I want to share a different example of a leader who listened and was willing to consider others’ input and advice. A senior vice president (SVP)that I worked for at a different point in my career would hold an annual strategy meeting for all the executives in the organization. This was a forum to review the previous year’s performance and get everyone on the same page about the strategies and goals of the organization for the coming year. This meeting was a big production that took months of planning and preparation. The Friday before this annual meeting, I was reviewing the meeting agenda and presentations. I realized that there was an important topic missing from the agenda and if it wasn’t included in the meeting my SVP would miss an important opportunity to endorse the effort for that year.

I was nervous about how my input would be received. Especially since we were only a few hours from the meeting kickoff. Still, I felt strongly enough about the subject to contact my SVP and tell him that I thought we should find a way to add the missing topic to the meeting agenda.  

He listened to what I had to say and asked me a few questions. Then he said, “Good idea. You will be the one presenting the idea and I needyour presentation in the next 90 minutes so we can dry-run everything before the meeting starts.”

Two key things went right in this scenario: 1) I had the courage to give my SVP advice on a situation I felt strongly about, and 2) he listened to my advice and decided the path forward. These two key things enabled a strategic initiative to gain momentum rather than stalling out until next year’s meeting.

Conversely, the VP that I tried to help get off on the right foot with his new boss didn’t really listen to any of my advice. He went with his initial plan to do things how he had always done them. He didn’t get along well with the new boss and that caused him to have a much harder job because he was constantly trying to get back into the new boss’ good graces.

For which type of leader would you rather work? Which type of leader would you rather be?

Intention matters

Whether a leader is willing to take advice and input from others may depend on the intention of the person providing the input or advice. Is that person a trusted advisor? Is their intention to help the leader and/or the organization or do they just want attention? Do they have a track record of providing good advice? The leader is ultimately responsible for the choices they make, and it is smart to consider the source of the advice they are receiving.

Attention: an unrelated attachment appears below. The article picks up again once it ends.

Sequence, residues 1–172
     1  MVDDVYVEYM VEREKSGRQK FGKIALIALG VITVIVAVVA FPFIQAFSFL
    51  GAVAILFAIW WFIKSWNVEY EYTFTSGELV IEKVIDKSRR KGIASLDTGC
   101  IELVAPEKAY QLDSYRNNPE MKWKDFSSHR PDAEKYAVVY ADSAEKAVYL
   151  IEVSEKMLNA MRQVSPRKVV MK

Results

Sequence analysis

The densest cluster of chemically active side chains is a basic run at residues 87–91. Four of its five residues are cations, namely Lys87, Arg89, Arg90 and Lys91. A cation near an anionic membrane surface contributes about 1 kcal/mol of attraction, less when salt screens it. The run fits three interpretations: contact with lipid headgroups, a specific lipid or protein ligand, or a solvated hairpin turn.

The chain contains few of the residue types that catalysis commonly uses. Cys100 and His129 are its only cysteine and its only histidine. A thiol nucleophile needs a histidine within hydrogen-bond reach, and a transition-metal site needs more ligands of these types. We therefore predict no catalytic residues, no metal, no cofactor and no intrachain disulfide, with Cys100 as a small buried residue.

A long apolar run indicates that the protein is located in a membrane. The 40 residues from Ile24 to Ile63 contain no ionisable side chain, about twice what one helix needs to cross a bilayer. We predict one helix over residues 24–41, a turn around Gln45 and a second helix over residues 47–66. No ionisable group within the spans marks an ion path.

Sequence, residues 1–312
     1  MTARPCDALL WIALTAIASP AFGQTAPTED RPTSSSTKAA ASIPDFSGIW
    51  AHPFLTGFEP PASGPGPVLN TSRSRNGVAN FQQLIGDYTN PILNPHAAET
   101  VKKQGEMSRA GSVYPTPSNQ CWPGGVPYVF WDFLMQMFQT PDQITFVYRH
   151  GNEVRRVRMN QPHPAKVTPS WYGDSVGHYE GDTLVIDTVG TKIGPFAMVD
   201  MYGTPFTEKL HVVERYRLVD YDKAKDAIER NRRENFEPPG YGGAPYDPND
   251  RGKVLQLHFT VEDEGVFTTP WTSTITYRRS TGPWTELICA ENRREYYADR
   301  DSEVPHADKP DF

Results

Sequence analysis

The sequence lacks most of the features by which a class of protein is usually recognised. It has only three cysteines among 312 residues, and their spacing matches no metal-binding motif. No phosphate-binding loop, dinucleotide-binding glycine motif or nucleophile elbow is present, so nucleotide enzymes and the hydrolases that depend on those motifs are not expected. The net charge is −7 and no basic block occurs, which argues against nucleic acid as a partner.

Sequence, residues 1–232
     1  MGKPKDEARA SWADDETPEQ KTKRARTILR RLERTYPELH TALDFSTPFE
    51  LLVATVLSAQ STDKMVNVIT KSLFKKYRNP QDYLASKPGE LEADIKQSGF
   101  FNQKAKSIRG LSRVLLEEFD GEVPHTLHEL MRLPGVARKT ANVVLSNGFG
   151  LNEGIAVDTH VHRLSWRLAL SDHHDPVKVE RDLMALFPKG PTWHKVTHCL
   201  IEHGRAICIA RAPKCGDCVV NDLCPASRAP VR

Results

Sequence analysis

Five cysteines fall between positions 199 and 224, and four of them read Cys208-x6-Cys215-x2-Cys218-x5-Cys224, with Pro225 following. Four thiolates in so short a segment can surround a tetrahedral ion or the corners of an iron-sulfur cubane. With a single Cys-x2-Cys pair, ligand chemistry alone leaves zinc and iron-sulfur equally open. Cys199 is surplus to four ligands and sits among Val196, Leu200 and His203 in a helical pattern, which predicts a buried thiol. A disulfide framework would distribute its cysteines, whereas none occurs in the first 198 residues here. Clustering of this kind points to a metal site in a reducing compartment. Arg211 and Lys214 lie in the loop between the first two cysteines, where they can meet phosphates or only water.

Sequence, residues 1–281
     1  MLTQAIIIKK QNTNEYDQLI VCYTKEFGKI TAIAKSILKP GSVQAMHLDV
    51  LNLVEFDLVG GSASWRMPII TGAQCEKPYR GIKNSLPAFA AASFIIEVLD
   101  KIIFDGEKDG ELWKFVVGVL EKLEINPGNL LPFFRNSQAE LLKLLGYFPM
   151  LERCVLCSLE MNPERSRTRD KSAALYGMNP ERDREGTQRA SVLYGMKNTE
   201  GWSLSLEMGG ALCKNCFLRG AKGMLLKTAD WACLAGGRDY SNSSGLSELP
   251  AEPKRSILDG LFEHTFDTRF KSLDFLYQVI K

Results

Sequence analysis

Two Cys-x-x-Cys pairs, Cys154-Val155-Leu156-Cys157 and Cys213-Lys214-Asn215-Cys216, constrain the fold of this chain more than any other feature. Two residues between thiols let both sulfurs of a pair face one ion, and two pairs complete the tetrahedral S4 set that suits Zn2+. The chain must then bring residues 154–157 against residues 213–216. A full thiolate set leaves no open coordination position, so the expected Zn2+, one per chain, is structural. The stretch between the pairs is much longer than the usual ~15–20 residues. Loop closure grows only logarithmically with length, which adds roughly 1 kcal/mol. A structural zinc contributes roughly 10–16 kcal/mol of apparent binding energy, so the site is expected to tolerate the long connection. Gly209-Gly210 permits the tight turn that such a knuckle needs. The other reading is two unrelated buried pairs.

Excellent leaders don’t go it alone

One of the most excellent leaders I know always kept a group of key trusted advisors close so that he could get their thoughts whenever he needed input. These trusted advisors were very different people, didn’t necessarily have the same leadership style, and weren’t afraid to disagree with him. He welcomed that disagreement to help him see multiple viewpoints and enable better outcomes.

Being an excellent leader includes taking responsibility for the direction of the organization and the choices you make. When you are faced with challenges, decisions, or even day-to-day business it can help you to get advice from others. Seeking out, listening to, and considering input and advice from others can provide you with a richer set of options in any leadership scenario you face.

Debbie Collard has 30+ years of leadership experience. She served on the National Baldrige Foundation Board of Directors for 15 years, including as the first female Chair of the Board. She is an iPEC- and ICF-Certified Professional Coach and co-author of The Making of a World- Class Organization, a practical guide for leaders to engage employees and increase profitability. debbiecollard.com